So it’s its here that we can move into thinking about some of the applications of this conversation to our lives today, the first one being that    


  • None of this is possible without the Spirit

If you are here today and you’re thinking “I want that kind of marriage” you need to know that this text is describing two people who have submitted their lives to the lordship of Jesus Christ and who are therefore joined at the deepest level possible: they are walking in spiritual unity.  Some of you don’t have that in your homes or relationships. Some of you have family member who do not know Jesus personally and therefore the Spirit is not filling their lives and so, let’s be honest, you can’t love in this radical life-giving mutually submissive kind of way without the work of the Holy Spirit in your life.  And so today might be the day for you.  This might be why you are here today, not to hear about marriage, but to hear about God’s deep and eternal love for you.  In a few minutes I am going to pray and I am going to ask you to make a decision to come into God’s family today.  So if you are feeling like God is speaking to you today, that is the Holy Spirit and you need to know that TODAY is that day of salvation for you.  Today is the day when you get started living life in the power of the Spirit.


For those who have been Christians for some time and whose relationships are pretty healthy, let me encourage and challenge you as well.  In our world, just as in the first century, when you start living differently, people take note.  The radical love and trust and mutuality that husbands and wives show each other as people of faith ought to be so counter-cultural, so intriguing and so unique that it causes others to take notice that we have been with Jesus.   

  • Healthy Christian relationships have apologetic potential (Titus 2:5; Colossians 4:5)

The very reason that these instructions were given was so that we can live with wisdom and so that the Christ’s name can be exalted in our homes and in our city.  People ought to look at the relationships that Christians have with each other and say “it’s not perfect, but there is something there that I am missing.”  This is not just applicable to marriage relationships, this applies to how we conduct ourselves as a church community when we gather for our AGM ministry meeting on May 27.  It applies to how men here at Jericho treat women with respect, not just their wives but all women – even those they encounter online.  Men who live out the principles of mutual submission don’t objectify women, they work for justice and dignity and peace and love in all aspects of male-female relationships.


I’ve been speaking to men a lot today, and that’s OK because next week is Mother’s Day.  But let me again emphasize that when it comes to submission, it is a mutual project.  This means that both men and women

  • Reject self-centredness & work for the good of those around you (deeper than equality)

This is deeper than working for equality, which is good, but which is usually achieved with a person working hard and protesting to achieve their rights.  In mutual submission, I give up and lay down my rights, which is why the context of a loving, Christ-honouring relationships is important (otherwise the door is open for the potential of abuse or being a doormat, which is not an appropriate expression of mutual submission).  Rejecting self-centeredness is not merely achieved in our minds or wills, however.  It has to be demonstrated and lived out in our growth as disciples.  So I ask again,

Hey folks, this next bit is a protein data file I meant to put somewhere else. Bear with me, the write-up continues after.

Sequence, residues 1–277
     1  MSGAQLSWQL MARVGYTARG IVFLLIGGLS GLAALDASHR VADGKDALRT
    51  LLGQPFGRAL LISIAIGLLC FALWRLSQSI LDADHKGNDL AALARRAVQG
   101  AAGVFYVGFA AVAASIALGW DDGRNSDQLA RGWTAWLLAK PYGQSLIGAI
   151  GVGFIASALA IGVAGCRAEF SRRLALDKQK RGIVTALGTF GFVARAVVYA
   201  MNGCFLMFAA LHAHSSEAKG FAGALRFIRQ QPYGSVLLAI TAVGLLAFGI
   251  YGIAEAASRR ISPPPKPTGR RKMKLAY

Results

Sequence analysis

–     What have you given up for others lately?

We often think about this in the season leading up to Easter known as Lent, but the attitude that underpins mutual submission is one that is modeled for us by Jesus.  (Philippians 2, Gentiles lord it over but not so among you.  Whoever wants to be great must be the servant of all)  

  • Mutual submission is rooted in & grows out of the soil of true humility

The team is going to come and we’re going to respond in song, which provides I think, a perfect final image for us to consider on this topic.  In their excellent book “Resonant Witness: Conversations between music and theology” authors Jeremy Begbie and Steven R. Guthrie argue that singing together is in some ways, the perfect example of mutual submission.  They remind us that whenever we gather to sing together in a setting such as this, that we are practicing mutual submission.  We are submitting to synconicity – no longer singing our own tunes, we submit to a common tempo, structure and rhythm.  We submit to a unique melody and harmony and a common key.  Which reminds us helpfully that while some can view submission as a dirty word, as we submit musically one to another, something beautiful and melodic is born.  As I choose to limit my freedoms to sing however I want, we grow in freedom to express something beautiful.  Mutual submission is music also necessitates genuine participation.  They write “It is not and cannot be the silencing of a weaker by a dominant voice.  The chorus is a society whose life depends on members contributing their voices.”  So I’d invite you to stand with me as we pray together and respond by joining our hearts to God and our voices to each other’s.  Would you bow your heads and pray with me?


(Remember to call for salvation)


Submission has become a dirty word in our culture. But it was a shocking concept to the first listeners, as well. Join the people of JRCC and see why mutual submission is not just about marriage, but about discipleship and being filled with the Spirit.

Speaker: Brad Sumner

May 6, 2012
Ephesians 5:21-27

Brad Sumner

Lead Pastor